For some reason I have developed an aversion to black and white photography. I’m kind of prejudiced against it, even though it’s not fair or rational. I think I’ve just seen it employed too much as a way to signal This Is A Very Important Photograph, when it may not be an important photograph at all. I’m sorry, but just shooting with Tri-X film or converting your files to grayscale does not make Very Important Photographs.
So imagine my surprise when I discovered some black and white work on the Critical Mass cd that I’m really taken with.
Kirsten Hoving uses ice and 19th century objects and photographs to represent various constellations in the night sky. I adore the square, and the use of circles echoes the curvature of the earth. I love just contemplating the imperfections of the ice in the photographs. I can’t really imagine the patience (not to mention cold fingers!) required to create this kind of work. I also love Hoving’s colour work (shocking I know) — you can find it on her website in the Obstacles and Roots and Wings portfolios.
I don’t really know how to talk about Jennifer Hudson’s series, Medic. At first view I thought they were showing weird experiments. But somehow I couldn’t be sure. So I went to her artist statement:
“Medic is a sensitive, intricate glimpse into human relationships during times of need and recovery and a complex, heartfelt exploration of sacrificial love. The work began wholly on one sentence whispered by my husband while we were enduring deeply frightening times together. He held my hand, lay close to me and said softly “I just wish I could take the pain from your body, and put it into mine.” I have been fortunate to know incredible love all my life, but at that moment I became suddenly and intensely aware of the magnificent power that exists between people who care for one another. When I was anxious and fighting to fall asleep each night, I began to invent miracle machines; contraptions that heal, deliver hope, legacy, remedy, and redemption. Each image from Medic is a thoughtful invention, strange and tender, revealing facets of the delicate human heart.”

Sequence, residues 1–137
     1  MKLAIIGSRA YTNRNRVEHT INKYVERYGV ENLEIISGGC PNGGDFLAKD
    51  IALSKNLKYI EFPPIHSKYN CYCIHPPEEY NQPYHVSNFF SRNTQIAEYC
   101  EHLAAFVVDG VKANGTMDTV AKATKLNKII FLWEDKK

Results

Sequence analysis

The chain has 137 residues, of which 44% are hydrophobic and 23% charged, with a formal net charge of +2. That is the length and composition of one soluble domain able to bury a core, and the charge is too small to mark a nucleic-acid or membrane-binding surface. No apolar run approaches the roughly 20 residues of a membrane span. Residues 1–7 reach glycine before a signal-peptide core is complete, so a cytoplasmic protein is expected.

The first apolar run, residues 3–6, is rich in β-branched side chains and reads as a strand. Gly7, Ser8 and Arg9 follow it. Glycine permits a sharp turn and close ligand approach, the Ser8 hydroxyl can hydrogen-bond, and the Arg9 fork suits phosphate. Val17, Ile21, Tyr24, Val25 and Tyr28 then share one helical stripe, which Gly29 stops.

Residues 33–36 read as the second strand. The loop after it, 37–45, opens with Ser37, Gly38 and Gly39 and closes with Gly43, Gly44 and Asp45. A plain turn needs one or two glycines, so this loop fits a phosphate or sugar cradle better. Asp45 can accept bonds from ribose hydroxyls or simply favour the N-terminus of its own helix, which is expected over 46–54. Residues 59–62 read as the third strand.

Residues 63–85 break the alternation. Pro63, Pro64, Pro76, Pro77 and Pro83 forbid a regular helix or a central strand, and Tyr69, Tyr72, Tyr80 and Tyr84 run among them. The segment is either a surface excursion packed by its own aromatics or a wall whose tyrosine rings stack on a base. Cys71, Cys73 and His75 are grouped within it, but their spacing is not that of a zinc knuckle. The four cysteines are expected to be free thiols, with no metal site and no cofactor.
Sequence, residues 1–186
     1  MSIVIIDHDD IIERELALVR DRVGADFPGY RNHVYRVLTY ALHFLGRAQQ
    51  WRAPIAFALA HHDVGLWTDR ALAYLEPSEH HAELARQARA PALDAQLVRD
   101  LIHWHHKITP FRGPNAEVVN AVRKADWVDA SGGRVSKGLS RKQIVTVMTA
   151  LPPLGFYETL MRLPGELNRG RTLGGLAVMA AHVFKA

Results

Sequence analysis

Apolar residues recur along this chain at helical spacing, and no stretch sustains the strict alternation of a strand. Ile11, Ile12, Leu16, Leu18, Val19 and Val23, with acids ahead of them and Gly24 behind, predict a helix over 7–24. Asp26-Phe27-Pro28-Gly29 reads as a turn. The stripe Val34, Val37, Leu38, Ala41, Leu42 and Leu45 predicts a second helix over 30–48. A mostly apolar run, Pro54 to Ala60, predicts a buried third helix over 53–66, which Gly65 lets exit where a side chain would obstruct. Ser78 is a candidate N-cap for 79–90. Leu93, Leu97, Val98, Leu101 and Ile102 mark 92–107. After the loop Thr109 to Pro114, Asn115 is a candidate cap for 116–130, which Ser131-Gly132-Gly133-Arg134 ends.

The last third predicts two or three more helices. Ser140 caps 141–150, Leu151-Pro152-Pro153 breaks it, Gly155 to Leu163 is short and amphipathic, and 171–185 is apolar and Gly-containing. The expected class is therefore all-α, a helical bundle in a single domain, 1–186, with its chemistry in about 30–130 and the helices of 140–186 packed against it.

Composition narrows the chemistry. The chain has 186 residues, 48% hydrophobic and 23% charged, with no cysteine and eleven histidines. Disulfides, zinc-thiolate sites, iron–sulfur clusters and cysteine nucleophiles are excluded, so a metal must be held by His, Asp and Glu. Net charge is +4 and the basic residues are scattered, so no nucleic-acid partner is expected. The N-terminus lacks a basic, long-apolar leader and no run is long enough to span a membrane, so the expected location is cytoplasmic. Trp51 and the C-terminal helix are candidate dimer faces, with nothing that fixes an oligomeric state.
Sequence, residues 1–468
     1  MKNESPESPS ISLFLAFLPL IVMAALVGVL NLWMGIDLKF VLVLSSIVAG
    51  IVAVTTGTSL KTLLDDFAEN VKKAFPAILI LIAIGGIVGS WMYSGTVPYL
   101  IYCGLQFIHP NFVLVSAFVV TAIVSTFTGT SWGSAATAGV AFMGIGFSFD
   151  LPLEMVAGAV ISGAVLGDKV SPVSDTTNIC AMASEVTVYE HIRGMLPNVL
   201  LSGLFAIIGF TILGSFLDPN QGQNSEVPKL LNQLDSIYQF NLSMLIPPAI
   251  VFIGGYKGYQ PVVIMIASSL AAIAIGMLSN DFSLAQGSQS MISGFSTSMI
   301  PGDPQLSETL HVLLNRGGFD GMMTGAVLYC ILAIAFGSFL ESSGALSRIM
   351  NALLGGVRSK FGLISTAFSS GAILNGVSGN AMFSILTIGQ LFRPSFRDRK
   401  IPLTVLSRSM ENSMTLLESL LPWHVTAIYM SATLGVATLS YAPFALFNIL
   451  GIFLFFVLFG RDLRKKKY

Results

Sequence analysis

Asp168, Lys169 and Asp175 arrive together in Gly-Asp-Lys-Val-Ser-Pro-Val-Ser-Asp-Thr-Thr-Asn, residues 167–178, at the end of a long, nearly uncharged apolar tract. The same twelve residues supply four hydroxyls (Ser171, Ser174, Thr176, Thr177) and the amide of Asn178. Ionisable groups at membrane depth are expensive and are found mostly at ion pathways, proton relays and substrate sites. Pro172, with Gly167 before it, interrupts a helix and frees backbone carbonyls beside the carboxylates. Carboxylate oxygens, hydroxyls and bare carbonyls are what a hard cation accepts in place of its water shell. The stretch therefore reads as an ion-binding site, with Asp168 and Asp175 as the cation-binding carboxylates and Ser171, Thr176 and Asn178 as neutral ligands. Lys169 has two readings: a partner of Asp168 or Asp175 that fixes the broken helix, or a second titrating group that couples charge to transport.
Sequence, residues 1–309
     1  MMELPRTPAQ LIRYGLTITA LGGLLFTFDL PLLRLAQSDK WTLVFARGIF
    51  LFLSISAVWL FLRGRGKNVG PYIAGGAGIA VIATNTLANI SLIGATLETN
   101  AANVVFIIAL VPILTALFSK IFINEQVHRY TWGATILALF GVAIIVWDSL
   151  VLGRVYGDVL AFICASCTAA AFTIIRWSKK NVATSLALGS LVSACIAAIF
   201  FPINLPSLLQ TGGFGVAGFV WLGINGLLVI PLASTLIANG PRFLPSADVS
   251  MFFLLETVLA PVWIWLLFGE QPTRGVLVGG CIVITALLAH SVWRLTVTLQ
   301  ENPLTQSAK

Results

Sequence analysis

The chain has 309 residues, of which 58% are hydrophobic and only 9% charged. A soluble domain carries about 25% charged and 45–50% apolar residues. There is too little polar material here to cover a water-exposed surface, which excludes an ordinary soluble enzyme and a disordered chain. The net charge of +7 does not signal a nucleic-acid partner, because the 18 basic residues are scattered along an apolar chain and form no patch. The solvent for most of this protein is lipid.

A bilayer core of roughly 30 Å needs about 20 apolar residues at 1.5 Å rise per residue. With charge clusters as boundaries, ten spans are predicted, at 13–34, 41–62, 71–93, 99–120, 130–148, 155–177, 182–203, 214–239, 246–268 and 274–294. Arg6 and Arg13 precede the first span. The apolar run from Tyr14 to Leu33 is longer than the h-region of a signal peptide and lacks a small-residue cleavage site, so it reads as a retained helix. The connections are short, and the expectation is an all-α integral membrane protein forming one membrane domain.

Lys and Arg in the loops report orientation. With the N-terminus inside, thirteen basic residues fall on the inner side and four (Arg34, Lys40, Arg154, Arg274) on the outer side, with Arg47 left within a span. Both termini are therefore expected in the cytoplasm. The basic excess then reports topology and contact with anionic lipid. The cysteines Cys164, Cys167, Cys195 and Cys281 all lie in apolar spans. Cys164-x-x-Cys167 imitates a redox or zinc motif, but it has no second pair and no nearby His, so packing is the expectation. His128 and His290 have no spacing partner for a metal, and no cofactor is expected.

Rachel Phillips submitted a series called A Thousand Words. Each image is inspired by words from a 20th century letter. I find them absolutely stunning to look at, and the phrases she chose are quietly evocative. I want to know what was in the whole letter, but then again maybe I don’t. Taking the phrases out of context may be what creates the magic I find in the images. I couldn’t stick to just three images.
Did you notice that all the above photographs are of scenes or objects crafted by the artist? I’m noticing a definite fondness on my part for this kind of work. I’m not sure why this is, but I think I’m becoming disillusioned with traditional documentary photography and photojournalism. So contiuing the theme of work along this line, I’ll move onto some colour practitioners.
Nicole Dextras submitted her series of Weedrobes – garments she created out of plants. Again, I can’t believe the patience and craftsmanship, not to mention urgency (I mean, a dress made out of lilac flowers???), that went into the garments. They are tremendous. On her website, she’s created a sort of comic strip-like presentation for some of the garments, sort of documenting performance pieces. The photography itself isn’t super fantastic, but I can’t resist what’s IN the photographs.
I couldn’t help but notice a whole lotta photographs of abandoned spaces on the Critical Mass cd. I feel the pull of these kinds of spaces and the signs of life left behind too, but when you see the same kind of image over and over again, it loses its appeal real fast let me tell you. But Alejandra Laviada has a refreshing approach to this subject matter. I’m just going to post most of the statement she submitted, because it’s a fine example of an artist statement: clear, concise, down-to-earth, it provides an entrance to the work without telling me so much that I no longer need to look at it.
“Over the past few years, I have been photographing different spaces that are in the process of being demolished or redeveloped. I use the sites as a temporary studio and photograph my interventions in each space.
For Re-Constructions, I gathered discarded material from the Hotel Bamer and used it to create a series of ephemeral sculptures off-site. The Hotel Bamer was a landmark in Mexico City in the 1950’s and a site I had previously photographed in 2006. It was left abandoned for several years and is now being redeveloped. Throughout this period of time, I have revisited the site several times to photograph various aspects of its decay and transformation.”
David Welch creates totems to make comments about our consumer culture. I like that they make me think about all the stuff in the world, but I also just enjoy their form.
When I showed this work to my husband, he expressed surprise that it was submitted to a photography competition, since it’s really more like sculpture. I see where he’s coming from, and I had the same response myself when I saw Kevin Van Aelst’s work in last year’s Top 50. But if had found these objects as is, that would unquestionably be photography. And it’s unquestionably photography when someone sets up a shot in a studio. To me, this is just a small step further, and it’s still photography, since photography is necessary for sharing such physically local and temporary art.